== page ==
Historical panorama

 

The port areas of San Basilio and San Marta were created in 1896-97 as part of the larger project to build the new port of Venice, following the construction of the railway bridge in 1846.
The surface covered was of around 26,000 m2, split up into nine warehouses and other smaller buildings designated for use as the offices of the Free Zone, of the Port Superintendent, of the Inspectorate of the Inland Revenue, the Police and other port services. Their structure consists of vertical brick elements and iron columns, with wooden floors and roofs. The new venue of the Venice Port Authority was one of these warehouses, and is situated on the ‘Santa Marta’ side, a popular neighbourhood which according to historical and iconographical sources is of relatively recent construction (early 20th century), designed to house railway and port workers.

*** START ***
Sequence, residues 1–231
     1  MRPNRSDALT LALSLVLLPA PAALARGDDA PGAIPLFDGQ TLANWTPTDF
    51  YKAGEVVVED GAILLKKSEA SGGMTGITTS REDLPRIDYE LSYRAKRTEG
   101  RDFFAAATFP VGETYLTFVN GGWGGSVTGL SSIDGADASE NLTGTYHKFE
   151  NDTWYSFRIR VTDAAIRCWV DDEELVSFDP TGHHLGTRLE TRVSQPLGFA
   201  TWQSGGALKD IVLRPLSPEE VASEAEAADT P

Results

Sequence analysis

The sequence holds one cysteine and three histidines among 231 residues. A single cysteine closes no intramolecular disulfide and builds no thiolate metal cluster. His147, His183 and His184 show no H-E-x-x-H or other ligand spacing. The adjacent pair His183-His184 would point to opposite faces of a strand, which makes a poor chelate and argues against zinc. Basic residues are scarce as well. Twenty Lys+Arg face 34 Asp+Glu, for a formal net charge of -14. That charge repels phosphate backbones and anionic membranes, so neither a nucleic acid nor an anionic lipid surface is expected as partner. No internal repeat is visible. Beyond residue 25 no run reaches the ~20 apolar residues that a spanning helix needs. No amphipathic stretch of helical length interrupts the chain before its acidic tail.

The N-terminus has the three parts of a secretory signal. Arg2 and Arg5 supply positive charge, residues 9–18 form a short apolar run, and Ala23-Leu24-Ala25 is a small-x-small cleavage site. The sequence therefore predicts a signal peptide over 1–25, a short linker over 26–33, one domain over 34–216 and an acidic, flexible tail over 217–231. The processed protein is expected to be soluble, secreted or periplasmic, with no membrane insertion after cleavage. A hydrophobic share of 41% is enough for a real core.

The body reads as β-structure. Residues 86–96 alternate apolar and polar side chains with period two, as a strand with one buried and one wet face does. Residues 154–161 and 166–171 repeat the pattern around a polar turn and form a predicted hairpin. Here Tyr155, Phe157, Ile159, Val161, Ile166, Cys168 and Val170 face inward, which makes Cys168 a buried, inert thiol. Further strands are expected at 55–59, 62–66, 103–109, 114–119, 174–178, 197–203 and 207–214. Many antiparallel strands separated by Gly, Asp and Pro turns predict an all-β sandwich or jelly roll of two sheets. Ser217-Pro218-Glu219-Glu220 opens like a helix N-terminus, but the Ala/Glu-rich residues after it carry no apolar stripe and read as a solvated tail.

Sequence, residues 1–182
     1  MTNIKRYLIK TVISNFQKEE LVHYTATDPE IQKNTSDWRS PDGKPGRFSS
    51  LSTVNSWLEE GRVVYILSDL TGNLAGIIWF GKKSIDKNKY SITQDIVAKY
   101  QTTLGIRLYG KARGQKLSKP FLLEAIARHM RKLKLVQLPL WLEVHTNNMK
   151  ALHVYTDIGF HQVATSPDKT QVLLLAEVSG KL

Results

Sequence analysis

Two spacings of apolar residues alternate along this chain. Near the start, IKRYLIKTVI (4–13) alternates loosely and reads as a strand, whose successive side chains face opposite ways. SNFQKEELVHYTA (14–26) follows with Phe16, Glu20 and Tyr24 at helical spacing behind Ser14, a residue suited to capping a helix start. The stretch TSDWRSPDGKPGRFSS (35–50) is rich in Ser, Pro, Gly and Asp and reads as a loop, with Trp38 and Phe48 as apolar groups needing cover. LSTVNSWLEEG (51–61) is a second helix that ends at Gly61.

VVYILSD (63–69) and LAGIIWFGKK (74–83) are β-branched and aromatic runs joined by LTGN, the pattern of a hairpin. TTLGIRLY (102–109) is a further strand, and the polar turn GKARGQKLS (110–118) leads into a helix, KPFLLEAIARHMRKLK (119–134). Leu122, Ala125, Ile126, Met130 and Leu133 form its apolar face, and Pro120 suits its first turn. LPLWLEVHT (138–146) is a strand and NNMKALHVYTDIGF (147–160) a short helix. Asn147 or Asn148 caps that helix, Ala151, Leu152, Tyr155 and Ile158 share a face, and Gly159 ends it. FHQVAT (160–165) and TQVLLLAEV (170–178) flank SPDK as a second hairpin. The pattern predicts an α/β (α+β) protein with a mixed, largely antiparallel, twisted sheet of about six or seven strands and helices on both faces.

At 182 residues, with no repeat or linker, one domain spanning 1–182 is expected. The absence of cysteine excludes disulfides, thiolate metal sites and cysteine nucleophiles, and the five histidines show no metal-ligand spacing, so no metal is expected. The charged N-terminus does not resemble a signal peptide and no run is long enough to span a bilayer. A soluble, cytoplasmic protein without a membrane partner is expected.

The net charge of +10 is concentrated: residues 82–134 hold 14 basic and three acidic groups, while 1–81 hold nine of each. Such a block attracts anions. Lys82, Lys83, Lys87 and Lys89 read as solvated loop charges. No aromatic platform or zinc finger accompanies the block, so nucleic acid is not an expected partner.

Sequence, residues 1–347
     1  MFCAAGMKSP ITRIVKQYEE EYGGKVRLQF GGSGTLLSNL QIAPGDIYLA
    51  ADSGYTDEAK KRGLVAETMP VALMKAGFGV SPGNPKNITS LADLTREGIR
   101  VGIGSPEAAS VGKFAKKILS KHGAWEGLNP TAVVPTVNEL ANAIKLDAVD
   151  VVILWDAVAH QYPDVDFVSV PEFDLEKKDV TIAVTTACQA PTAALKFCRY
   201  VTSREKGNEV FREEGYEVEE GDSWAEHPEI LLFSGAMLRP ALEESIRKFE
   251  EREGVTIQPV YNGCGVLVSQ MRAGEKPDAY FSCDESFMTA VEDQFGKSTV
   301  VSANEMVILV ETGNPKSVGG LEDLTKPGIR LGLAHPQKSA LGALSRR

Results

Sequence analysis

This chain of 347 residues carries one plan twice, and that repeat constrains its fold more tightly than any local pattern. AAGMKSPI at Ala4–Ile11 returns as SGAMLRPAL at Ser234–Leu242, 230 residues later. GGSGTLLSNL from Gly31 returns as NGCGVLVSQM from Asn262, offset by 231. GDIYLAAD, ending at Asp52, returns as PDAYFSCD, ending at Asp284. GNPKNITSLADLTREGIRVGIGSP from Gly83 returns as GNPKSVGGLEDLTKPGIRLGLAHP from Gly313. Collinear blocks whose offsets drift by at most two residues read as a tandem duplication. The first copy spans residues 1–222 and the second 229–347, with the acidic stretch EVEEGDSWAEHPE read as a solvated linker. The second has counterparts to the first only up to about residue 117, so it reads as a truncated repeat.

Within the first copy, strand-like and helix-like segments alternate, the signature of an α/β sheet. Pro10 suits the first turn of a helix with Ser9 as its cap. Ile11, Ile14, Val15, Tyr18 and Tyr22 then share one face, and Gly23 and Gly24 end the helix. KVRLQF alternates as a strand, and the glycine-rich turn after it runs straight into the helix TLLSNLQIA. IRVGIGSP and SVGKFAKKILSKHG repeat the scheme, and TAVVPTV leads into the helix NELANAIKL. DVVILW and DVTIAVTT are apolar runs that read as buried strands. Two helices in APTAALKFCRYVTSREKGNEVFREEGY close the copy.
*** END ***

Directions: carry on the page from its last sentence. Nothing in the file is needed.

In the neighbourhood, we find the structures and fixtures linked to the presence of the railways: to the North the structure housing the Officina del Gas (Gasworks), created around 1900 in an area obtained thanks to the reclamation of the Angelo marshland; to the East, the ex Cotonificio Veneziano (Venetian Cotton Mill), built between 1882 and 1900, and today exploited as a university venue; to the South the General Warehouses, built between 1875 and 1885 on what was once the beach of Santa Marta (the “Arzere di Santa Marta”) and other buildings which hosted numerous other activities linked to the port. The project foresaw the construction of three rows of buildings parallel to the long side of the quay on the Giudecca Canal, covering a surface of around 8,400 m2. The buildings were together made up of a central body, developed on two floors and used as a space for offices and housing, and two lateral buildings, used for the wrapping and stocking of goods. In 1885, with the increase in demand, the warehouses underwent major enlargement, ultimately covering a total surface of 18,150 m2. Between 1928 and 1930, two railway lines were built along the quayside, thus altering the layout of the space considerably.